CRF Blog

We Will Kill the Demons

by Bill Hayes

In We Will Kill the Demons for Foreign Policy magazine, Deni Béchard reports Congo’s disturbing hunt for child sorcerers.

Over the past two years, during several visits to Kinshasa, I heard terrifying rumors — of children who strangle parents in their sleep or eat the hearts of their siblings. Of swarms of children flying through the skies at night, stealing money or deliberately causing illnesses like HIV and polio.

These children, people said, are sorcerers. They are possessed by dark powers that cause them to commit nefarious, even murderous deeds. To prevent child sorcerers from mischief or worse, people told me, their families should reject them and society should shun them. Or they should be taken to church — 80 percent of Congolese are Christian — where a pastor can perform exorcisms in the name of God. Congo’s wildly popular églises de réveil (“revival churches”) — an umbrella term for sects rooted in a mix of Pentecostal, charismatic, and prophetic beliefs, as well as local superstitions about dark magic — are more than willing to oblige.

Indeed, the hysteria over child sorcery has spurred a frightening witch hunt, with devastating results. According to UNICEF in 2013, Congolese children accused of sorcery “number in the thousands.”1 People experiencing hardship (a sudden illness, the loss of a job, the death of a relative) often search for a child to blame and find one in their own families. Some of these children are killed, but far more are abandoned, left to join Kinshasa’s tens of thousands of street children. Or they are dragged to churches, where they may well find further misery. According to Human Rights Watch, alleged child sorcerers taken to churches may be denied food and water, whipped until they confess, or sexually abused. “[M]ore than 2,000 churches practice deliverance in Kinshasa alone,” the organization has reported. Similarly, in a 2013 report about Congo, the U.S. State Department described “exorcisms of children accused of witchcraft involving isolation, beating and whipping, starvation, and forced ingestion of purgatives.”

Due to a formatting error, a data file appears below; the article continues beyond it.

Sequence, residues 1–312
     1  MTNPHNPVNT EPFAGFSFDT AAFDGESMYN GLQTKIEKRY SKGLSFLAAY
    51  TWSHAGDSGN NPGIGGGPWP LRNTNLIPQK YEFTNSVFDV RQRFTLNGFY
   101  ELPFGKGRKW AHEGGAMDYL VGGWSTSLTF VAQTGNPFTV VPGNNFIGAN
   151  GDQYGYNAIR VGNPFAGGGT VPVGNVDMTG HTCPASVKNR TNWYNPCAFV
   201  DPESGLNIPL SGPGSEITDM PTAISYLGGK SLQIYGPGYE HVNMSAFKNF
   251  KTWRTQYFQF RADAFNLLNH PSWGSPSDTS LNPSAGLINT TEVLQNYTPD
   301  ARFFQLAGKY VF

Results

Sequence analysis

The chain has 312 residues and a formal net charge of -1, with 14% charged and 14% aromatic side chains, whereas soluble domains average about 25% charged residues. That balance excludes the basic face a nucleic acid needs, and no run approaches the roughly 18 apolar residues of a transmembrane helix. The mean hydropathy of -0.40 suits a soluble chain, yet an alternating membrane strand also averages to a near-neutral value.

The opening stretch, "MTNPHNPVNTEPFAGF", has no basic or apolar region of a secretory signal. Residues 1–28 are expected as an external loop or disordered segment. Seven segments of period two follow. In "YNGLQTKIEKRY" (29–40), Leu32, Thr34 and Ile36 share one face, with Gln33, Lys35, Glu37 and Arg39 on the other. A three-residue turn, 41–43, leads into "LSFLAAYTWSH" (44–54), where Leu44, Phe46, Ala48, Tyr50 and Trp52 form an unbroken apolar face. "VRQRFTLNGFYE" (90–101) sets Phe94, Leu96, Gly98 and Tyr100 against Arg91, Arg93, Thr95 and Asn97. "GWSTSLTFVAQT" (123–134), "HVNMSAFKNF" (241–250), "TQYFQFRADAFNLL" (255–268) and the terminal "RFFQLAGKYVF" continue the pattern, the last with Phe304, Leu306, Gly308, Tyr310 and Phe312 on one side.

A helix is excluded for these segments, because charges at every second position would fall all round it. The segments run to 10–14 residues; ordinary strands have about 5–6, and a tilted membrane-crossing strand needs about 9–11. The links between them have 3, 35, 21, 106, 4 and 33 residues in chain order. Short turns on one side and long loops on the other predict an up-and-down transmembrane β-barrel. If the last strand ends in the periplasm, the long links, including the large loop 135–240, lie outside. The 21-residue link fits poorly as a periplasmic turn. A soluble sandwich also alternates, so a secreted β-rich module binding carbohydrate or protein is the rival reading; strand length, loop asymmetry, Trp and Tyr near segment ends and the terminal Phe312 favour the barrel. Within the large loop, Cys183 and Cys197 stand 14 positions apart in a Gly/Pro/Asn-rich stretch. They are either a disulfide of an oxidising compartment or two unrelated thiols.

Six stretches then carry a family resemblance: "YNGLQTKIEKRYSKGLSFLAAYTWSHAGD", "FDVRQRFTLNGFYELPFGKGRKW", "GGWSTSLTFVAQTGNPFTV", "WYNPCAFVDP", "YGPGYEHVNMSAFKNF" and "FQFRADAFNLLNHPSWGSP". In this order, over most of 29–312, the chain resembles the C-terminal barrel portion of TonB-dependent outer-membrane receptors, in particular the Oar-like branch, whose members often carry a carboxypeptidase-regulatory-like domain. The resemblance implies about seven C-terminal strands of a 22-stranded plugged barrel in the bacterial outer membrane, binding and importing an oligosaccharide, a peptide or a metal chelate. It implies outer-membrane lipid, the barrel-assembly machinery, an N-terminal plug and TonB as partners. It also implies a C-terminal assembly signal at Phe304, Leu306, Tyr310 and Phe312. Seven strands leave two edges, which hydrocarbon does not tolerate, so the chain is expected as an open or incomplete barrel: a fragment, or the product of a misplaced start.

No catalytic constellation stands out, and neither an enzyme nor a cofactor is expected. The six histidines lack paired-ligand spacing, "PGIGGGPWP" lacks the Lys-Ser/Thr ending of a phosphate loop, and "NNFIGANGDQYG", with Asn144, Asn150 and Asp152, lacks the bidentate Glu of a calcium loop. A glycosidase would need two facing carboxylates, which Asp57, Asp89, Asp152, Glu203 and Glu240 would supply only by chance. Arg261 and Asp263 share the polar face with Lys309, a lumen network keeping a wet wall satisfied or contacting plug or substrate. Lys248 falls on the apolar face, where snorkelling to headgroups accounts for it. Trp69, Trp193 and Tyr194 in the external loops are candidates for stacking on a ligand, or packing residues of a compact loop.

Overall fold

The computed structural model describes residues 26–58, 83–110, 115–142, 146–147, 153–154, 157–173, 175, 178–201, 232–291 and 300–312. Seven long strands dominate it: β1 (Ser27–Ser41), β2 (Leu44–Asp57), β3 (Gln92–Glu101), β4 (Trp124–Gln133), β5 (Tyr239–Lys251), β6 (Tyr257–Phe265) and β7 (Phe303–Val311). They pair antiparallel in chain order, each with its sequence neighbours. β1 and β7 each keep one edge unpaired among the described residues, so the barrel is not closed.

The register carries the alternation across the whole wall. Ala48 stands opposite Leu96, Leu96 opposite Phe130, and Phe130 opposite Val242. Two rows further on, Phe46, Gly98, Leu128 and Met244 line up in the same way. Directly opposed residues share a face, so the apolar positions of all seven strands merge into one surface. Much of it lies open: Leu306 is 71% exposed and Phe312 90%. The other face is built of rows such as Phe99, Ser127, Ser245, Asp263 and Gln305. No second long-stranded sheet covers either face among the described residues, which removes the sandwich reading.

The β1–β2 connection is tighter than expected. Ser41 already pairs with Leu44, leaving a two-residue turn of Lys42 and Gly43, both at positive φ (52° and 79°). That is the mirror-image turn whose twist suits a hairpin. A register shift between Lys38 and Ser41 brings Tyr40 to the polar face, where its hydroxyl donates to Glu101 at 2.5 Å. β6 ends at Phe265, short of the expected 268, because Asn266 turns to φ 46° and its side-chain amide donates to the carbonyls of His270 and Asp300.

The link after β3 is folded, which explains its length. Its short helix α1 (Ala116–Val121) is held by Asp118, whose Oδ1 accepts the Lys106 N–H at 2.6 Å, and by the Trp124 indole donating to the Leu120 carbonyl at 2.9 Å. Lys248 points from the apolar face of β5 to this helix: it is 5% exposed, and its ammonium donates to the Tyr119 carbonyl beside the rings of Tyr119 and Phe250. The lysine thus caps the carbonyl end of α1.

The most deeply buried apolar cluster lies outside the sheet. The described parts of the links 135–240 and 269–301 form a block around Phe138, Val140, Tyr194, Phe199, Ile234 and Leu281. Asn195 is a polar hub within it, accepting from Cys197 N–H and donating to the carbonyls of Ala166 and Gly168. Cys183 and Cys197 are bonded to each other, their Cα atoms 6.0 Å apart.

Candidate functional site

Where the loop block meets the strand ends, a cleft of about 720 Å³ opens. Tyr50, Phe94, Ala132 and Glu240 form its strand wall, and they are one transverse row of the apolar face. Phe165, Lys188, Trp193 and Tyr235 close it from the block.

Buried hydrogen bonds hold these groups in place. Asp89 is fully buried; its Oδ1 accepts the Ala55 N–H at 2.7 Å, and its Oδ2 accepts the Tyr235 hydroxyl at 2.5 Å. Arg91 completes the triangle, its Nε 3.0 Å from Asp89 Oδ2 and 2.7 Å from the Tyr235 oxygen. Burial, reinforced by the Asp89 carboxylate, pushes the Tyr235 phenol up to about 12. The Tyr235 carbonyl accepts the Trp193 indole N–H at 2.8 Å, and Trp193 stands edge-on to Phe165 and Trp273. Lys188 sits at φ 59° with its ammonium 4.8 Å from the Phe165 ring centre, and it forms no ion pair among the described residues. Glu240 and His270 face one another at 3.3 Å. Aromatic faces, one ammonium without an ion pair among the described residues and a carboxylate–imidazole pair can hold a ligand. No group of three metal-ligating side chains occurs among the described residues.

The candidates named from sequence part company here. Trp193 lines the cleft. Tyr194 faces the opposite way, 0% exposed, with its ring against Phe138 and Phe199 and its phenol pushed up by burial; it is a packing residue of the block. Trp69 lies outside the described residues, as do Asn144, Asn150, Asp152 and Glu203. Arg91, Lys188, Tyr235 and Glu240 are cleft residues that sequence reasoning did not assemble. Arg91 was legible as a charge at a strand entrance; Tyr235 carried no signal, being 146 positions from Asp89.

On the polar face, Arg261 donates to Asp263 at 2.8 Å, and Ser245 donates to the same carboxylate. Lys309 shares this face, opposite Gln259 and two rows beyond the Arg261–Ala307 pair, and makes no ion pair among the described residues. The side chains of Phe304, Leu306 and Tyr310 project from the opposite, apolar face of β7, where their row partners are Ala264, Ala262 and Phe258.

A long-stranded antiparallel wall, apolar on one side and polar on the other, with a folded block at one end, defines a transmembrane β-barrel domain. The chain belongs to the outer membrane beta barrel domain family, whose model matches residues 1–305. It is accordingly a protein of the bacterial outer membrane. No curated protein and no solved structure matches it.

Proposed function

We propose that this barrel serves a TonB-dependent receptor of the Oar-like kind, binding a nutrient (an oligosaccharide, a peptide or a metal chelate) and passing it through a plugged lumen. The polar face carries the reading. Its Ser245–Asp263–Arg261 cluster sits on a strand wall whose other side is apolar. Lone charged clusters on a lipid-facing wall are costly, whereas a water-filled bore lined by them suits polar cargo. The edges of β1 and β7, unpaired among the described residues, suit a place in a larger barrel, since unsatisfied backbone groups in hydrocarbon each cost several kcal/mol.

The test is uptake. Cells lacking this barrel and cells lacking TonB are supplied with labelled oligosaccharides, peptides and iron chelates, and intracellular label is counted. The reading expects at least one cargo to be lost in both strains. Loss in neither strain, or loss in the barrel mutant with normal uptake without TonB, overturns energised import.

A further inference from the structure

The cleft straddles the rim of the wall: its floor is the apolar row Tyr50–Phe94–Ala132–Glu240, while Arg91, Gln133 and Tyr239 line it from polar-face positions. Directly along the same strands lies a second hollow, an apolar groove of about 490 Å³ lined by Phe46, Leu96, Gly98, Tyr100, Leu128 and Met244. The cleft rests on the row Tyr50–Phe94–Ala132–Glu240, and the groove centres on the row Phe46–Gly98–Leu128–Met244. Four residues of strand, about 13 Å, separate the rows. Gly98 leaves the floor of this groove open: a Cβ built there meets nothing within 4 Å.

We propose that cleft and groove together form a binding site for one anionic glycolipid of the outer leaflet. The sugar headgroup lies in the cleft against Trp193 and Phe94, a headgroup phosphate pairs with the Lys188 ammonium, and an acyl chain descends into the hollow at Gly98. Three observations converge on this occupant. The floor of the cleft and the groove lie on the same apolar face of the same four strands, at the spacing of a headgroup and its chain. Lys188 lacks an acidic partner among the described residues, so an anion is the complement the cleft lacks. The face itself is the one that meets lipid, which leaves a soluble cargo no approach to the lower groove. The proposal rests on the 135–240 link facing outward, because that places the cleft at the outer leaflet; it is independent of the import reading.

This is not an isolated phenomenon. Although the situation is difficult to quantify precisely, UNICEF has found that accusations of witchcraft against children are on the rise across sub-Saharan Africa. Yet the problem is so pervasive in Congo — in Kinshasa and elsewhere — that the country passed a law in 2009 banning allegations against children. To date, it appears to have had little effect.

Many writers and anthropologists, such as Mike Davis in his book Planet of Slums, have explained what’s happening in Congo as a product of poverty: Families unable to feed or otherwise support their children accuse them of sorcery to get them off their hands. Some Congolese activists describe the problem in similar terms. “I think it’s a trick so they [families] can get rid of them,” said Marie Marguerite Djokaba, of the Network of Educators for Street Children and Youth (REEJER), in an interview. “The child sorcerer problem is related to the economic situation. It’s an excuse to kick children out.”

But this explanation of poverty and convenience feels incomplete; it doesn’t account for how utter societal breakdown in Congo — a country with a life expectancy of about 50 years and a GDP per capita of around $300 — intertwines with religion. [more]